We Know of Our Depravity by the Preaching of the Law


Beza on Calvin’s right (as you look at them).

It has been asked about the doctrine of Total Depravity, “If we are totally depraved, then how did we come to know of this estate of sin and misery?” Beza, in his works discussing the question “For what ends the Holy Spirit use the preaching of the Law?” is helpful here.

Citing John 9:41, (Jesus said to them, “If you were blind, you would have no guilt; but now that you say, ‘We see,’ your guilt remains) Beza reminds the reader that in our fallen estate, corruption reigns in us to such an extent, that we are ignorant of our ignorance. In our fallenness, we are pleased with those things which ought to displease us. We suppress the light of truth that we have as Paul states in Romans:

Rom 1:20 For his invisible attributes, namely, his eternal power and divine nature, have been clearly perceived, ever since the creation of the world, in the things that have been made. So they are without excuse.

Rom 1:21 For although they knew God, they did not honor him as God or give thanks to him, but they became futile in their thinking, and their foolish hearts were darkened.

Rom 1:22 Claiming to be wise, they became fools;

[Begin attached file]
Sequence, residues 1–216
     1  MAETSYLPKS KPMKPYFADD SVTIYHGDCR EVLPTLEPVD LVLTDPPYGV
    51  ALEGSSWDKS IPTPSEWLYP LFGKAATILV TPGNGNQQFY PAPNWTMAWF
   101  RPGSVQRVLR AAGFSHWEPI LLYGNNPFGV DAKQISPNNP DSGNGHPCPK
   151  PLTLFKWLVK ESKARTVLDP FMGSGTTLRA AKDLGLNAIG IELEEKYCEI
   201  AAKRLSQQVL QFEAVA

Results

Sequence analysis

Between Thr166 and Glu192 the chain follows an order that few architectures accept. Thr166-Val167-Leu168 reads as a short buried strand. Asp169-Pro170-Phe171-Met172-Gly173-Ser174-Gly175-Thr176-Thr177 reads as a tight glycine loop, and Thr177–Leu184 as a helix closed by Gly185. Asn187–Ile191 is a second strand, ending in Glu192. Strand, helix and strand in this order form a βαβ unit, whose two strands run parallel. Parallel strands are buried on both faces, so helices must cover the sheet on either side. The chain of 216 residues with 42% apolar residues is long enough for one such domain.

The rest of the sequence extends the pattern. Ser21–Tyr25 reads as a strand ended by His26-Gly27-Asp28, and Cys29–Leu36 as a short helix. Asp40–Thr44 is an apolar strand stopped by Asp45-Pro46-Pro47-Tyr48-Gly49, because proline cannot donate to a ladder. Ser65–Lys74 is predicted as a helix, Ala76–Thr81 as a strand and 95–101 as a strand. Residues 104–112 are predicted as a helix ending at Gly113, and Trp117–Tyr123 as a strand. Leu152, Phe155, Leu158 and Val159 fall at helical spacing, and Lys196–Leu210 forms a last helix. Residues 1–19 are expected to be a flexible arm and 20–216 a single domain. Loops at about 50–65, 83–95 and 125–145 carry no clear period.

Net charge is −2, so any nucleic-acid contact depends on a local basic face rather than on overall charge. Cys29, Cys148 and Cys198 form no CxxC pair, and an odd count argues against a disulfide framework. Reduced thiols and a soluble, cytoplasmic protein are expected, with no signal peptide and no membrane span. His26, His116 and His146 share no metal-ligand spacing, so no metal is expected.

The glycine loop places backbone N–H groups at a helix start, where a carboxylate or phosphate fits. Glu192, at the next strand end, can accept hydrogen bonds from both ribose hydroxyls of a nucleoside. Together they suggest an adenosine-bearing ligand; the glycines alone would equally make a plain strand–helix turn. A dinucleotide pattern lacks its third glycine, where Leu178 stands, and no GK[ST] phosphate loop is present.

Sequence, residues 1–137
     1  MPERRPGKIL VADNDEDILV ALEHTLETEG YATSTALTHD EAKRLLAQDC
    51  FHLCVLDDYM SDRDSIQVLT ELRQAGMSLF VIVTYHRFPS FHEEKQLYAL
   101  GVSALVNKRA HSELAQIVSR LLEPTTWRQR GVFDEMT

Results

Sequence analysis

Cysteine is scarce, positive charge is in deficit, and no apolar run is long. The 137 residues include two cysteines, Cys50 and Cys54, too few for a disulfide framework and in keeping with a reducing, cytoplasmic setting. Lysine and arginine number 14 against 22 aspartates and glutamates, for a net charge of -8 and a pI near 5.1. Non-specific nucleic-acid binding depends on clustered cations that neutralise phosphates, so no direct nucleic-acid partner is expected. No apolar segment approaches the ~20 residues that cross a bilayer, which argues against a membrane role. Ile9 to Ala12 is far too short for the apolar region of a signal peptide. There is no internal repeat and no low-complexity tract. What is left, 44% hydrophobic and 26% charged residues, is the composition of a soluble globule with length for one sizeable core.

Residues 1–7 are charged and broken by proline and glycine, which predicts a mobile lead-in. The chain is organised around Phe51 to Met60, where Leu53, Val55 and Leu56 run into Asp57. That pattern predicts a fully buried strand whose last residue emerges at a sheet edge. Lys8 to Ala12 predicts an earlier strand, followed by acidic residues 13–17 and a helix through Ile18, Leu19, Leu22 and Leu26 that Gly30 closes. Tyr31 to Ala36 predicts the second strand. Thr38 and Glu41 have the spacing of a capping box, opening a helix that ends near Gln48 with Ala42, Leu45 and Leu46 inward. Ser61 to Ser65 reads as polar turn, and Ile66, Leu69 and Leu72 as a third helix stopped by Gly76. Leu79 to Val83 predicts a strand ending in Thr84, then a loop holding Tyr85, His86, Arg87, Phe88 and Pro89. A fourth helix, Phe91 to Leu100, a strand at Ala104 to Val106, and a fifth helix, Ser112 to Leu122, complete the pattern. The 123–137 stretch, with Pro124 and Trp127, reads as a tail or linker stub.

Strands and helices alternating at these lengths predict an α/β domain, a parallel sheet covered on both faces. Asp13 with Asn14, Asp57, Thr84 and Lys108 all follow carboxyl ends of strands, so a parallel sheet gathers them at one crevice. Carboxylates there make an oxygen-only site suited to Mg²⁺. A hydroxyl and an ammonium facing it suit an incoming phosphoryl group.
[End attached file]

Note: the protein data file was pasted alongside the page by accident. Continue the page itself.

Rom 2:1 Therefore you have no excuse, O man, every one of you who judges. For in passing judgment on another you condemn yourself, because you, the judge, practice the very same things.


Theodore Beza: Similarities and Differences Between the Law and Gospel

In Select Works of Theodore Beza, Theodore Beza in divides the Word (Books of the Old and New Testament) into two principal parts. One called the “Law” and the other “Gospel”. The Law, for Beza, is a doctrine whose seed is written in our hearts by nature. But this Law is written in the Bible so that we can have a more exact knowledge of it. This list of the two tables (10 Commandments) are a summary of the obedience and perfect righteousness we owe to God and our neighbor. The terms: perpetual life for those who keep the Law perfectly and death for those who do not. (Deut 30:15-20; James 2:10)

While the Law is known to us because it’s written on our hearts by nature, the Gospel is not at all in us by nature. The Gospel is revealed from heaven (Matt 16:17; John 1:13) and “surpasses natural knowledge”. It is through the Gospel that God proclaims to us that he has intended to save us freely by Jesus (Rom 3:20-22) by faith. Jesus must be trusted on for our wisdom, righteousness, sanctification and redemption (1 Cor 1:30). Through the Gospel proclamation God not only testifies to us all of this, but by his grace he renews us in way that we can embrace those benefits freely offered (1 Cor. 2:4).